- Authors: van der Kant, R., Karow-Zwick, A. R., Van Durme, J., Blech, M., Gallardo, R., Seeliger, D., Assfalg, K., Baatsen, P., Compernolle, G., Gils, A., Studts, J. M., Schulz, P., Garidel, P., Schymkowitz, J., Rousseau, F.
- Year: 2017
- Journal: J Mol Biol 429 1244-1261
- Applications: in vitro / DNA / PEIpro
- Cell type: CHO-3E7
Description: Chinese hamster ovary cell line expressing a truncated but functional form of EBNA1.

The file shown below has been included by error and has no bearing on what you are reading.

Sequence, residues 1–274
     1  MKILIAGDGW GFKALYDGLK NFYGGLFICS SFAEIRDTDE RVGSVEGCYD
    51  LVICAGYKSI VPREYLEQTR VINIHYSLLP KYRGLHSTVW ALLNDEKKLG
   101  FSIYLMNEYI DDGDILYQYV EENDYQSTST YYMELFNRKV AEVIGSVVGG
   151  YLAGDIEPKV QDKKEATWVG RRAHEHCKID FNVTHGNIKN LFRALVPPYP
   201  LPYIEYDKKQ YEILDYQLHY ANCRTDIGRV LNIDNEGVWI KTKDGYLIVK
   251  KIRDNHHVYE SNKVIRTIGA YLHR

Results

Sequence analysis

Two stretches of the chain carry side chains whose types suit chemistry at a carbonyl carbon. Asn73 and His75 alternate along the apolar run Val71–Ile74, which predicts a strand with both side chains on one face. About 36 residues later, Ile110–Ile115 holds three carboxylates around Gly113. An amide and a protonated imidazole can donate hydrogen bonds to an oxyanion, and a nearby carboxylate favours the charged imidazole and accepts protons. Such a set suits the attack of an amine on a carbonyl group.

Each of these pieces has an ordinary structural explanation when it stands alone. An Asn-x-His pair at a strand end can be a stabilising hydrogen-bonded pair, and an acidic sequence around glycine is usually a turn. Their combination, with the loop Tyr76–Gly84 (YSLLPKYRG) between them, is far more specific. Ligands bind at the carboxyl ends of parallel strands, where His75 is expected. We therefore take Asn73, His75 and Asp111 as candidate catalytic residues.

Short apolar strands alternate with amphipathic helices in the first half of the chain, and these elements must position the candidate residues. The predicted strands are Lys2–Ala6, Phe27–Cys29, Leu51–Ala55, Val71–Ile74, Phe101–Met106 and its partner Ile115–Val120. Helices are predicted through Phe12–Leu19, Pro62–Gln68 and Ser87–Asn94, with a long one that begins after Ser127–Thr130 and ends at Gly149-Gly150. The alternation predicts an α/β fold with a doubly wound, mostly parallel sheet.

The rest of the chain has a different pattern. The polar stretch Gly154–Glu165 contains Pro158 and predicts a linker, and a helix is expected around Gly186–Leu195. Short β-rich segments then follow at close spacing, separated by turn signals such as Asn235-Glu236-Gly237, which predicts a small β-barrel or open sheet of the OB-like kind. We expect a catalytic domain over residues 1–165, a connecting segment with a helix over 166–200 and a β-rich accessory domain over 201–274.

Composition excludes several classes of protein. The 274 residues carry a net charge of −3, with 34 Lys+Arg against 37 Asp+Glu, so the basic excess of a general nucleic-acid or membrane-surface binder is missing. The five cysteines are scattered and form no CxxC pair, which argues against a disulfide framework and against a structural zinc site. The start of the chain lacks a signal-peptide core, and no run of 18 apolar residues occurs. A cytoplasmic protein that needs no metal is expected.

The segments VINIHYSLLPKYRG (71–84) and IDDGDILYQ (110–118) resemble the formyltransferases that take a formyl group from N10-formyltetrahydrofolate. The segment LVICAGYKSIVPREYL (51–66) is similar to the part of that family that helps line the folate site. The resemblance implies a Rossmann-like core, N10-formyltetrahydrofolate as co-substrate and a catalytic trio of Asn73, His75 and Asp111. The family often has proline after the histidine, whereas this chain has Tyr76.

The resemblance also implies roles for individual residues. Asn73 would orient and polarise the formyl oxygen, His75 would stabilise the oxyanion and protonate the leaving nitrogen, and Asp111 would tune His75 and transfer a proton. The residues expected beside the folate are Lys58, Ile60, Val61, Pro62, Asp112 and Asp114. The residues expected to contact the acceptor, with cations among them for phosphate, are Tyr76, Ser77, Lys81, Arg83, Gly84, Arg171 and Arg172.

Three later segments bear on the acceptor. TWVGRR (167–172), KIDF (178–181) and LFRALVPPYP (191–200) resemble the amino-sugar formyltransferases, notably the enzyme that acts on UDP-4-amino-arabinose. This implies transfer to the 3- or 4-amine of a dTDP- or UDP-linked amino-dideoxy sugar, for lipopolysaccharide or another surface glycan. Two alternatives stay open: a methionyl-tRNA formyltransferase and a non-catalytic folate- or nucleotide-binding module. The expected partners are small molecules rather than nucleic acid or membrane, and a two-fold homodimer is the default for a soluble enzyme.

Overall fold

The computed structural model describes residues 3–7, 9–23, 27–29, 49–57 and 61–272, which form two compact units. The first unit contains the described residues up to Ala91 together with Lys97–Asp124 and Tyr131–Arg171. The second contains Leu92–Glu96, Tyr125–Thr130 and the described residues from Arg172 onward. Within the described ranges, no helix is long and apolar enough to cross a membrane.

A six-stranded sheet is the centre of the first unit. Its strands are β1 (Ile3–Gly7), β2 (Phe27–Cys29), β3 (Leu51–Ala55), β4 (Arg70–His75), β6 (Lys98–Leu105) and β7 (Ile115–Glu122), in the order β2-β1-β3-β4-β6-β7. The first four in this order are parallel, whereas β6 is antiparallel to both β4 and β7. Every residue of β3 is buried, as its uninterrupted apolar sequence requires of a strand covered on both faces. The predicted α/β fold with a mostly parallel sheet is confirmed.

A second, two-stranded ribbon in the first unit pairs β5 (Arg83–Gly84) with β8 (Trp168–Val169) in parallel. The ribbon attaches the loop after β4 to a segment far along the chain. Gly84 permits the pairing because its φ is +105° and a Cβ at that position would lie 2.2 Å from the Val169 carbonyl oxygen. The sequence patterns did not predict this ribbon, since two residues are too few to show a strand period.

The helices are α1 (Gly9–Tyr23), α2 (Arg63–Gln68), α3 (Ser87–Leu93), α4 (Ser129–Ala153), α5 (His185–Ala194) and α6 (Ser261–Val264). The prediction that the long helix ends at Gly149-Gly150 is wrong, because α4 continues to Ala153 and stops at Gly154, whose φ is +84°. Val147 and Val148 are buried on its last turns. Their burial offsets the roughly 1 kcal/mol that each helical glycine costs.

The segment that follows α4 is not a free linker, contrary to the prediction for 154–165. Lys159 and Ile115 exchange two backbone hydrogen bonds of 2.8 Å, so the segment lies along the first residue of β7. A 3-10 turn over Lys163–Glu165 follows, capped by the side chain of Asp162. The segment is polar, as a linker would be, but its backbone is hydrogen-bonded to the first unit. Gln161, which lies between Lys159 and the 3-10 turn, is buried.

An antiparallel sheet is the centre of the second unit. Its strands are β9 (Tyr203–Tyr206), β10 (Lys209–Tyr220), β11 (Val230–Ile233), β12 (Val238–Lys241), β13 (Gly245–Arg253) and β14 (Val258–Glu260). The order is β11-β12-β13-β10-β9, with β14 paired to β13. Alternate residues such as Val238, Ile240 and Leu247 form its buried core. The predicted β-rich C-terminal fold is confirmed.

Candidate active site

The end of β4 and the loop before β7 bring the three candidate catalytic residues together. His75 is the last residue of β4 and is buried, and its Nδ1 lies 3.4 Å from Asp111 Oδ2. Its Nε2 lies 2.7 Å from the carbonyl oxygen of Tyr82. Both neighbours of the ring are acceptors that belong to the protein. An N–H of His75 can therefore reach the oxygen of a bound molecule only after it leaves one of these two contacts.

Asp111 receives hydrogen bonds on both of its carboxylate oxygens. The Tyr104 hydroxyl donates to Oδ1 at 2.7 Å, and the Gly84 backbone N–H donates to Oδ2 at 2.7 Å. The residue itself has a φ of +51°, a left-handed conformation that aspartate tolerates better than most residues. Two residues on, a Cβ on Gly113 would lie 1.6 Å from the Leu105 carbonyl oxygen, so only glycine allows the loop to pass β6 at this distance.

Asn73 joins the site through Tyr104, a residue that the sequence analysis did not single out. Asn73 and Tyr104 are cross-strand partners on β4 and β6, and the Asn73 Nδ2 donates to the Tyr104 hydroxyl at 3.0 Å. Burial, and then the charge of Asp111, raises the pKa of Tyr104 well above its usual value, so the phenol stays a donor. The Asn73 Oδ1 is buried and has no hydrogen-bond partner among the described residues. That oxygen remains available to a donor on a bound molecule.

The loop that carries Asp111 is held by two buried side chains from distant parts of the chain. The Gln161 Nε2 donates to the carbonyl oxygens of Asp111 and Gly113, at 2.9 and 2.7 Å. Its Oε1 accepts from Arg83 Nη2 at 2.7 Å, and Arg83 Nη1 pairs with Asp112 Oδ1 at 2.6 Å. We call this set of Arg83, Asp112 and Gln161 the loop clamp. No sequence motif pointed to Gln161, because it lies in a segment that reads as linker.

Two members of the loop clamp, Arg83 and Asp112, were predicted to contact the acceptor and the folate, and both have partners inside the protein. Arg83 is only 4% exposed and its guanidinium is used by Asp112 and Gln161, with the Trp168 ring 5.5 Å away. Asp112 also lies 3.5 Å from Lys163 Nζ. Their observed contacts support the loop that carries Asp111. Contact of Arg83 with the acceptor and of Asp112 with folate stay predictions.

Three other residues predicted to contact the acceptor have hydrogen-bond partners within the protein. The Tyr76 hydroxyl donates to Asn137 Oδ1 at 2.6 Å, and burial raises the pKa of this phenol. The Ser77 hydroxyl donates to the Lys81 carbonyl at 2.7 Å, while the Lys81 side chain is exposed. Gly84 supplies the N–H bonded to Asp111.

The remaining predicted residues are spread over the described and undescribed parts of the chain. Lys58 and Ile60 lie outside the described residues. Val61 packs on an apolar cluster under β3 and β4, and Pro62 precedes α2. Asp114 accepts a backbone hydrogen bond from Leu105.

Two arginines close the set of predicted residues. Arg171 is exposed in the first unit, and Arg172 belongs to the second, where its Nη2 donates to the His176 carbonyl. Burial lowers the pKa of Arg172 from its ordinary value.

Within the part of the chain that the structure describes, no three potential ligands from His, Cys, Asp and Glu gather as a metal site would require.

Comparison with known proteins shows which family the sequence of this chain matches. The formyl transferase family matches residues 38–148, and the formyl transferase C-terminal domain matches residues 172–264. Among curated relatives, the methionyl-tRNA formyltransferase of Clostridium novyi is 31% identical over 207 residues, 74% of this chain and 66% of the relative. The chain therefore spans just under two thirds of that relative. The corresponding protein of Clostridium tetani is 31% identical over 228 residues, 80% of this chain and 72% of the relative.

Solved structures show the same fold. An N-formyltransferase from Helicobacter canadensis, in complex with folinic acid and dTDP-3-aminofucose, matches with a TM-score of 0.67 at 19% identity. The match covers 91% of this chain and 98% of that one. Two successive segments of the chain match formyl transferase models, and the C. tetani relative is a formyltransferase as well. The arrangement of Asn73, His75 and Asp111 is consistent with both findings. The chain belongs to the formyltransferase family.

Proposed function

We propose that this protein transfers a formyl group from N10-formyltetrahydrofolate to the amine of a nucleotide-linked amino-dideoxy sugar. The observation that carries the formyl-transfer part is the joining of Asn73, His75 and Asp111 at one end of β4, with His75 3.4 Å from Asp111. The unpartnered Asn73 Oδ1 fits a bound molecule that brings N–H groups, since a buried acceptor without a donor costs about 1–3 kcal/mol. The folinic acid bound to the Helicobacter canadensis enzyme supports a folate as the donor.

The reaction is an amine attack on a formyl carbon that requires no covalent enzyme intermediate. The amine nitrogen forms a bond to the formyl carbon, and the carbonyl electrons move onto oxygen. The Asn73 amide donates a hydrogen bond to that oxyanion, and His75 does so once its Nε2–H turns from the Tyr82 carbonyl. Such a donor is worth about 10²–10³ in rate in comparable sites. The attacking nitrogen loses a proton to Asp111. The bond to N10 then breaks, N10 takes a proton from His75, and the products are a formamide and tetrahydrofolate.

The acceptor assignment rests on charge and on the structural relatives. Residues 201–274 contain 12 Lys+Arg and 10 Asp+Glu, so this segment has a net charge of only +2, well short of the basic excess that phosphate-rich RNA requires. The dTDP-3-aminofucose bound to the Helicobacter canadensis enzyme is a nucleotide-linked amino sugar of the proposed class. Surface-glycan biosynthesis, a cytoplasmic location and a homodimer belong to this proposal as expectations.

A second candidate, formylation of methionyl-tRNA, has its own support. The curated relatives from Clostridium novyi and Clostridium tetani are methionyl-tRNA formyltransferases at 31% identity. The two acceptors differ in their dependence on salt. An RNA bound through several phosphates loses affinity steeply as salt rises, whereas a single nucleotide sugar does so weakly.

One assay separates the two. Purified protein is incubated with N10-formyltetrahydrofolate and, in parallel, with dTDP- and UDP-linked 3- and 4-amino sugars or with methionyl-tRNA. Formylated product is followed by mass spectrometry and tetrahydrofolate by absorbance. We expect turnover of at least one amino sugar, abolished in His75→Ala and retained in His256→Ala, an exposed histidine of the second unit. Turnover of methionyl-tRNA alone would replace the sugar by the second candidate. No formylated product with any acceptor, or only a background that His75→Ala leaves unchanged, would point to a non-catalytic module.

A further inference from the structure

Protein aggregation remains a major area of focus in the production of monoclonal antibodies. Improving the intrinsic properties of antibodies can improve manufacturability, attrition rates, safety, formulation, titers, immunogenicity, and solubility. Here, we explore the potential of predicting and reducing the aggregation propensity of monoclonal antibodies, based on the identification of aggregation-prone regions and their contribution to the thermodynamic stability of the protein. Although aggregation-prone regions are thought to occur in the antigen binding region to drive hydrophobic binding with antigen, we were able to rationally design variants that display a marked decrease in aggregation propensity while retaining antigen binding through the introduction of artificial aggregation gatekeeper residues. The reduction in aggregation propensity was accompanied by an increase in expression titer, showing that reducing protein aggregation is beneficial throughout the development process. The data presented show that this approach can significantly reduce liabilities in novel therapeutic antibodies and proteins, leading to a more efficient path to clinical studies.